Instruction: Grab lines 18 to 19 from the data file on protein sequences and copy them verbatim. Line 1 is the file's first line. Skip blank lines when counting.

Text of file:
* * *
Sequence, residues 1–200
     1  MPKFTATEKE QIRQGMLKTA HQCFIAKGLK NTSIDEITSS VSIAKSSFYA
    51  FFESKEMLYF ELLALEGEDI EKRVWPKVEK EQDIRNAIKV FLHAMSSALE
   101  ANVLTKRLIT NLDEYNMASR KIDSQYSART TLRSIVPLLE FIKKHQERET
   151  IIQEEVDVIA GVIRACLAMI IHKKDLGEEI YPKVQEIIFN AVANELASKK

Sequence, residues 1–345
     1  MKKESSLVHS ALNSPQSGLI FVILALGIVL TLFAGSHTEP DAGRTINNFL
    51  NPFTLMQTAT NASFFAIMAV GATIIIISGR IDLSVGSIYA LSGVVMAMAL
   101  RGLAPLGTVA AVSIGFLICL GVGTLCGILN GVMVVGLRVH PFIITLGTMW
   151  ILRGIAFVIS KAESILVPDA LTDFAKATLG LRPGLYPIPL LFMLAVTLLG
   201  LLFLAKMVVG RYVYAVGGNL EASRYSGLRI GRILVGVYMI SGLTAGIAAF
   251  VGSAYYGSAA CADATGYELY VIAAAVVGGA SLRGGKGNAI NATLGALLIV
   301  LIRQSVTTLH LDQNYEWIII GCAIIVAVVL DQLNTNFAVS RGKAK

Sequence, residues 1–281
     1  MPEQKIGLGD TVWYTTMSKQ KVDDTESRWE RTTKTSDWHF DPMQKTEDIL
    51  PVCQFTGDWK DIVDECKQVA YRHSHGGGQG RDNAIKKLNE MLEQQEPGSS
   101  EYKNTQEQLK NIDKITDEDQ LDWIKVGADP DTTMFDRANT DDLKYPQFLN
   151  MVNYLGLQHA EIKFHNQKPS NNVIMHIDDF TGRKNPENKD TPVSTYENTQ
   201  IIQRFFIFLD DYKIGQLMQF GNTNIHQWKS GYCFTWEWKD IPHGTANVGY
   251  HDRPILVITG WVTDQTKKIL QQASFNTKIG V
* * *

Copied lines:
   151  MVNYLGLQHA EIKFHNQKPS NNVIMHIDDF TGRKNPENKD TPVSTYENTQ
   201  IIQRFFIFLD DYKIGQLMQF GNTNIHQWKS GYCFTWEWKD IPHGTANVGY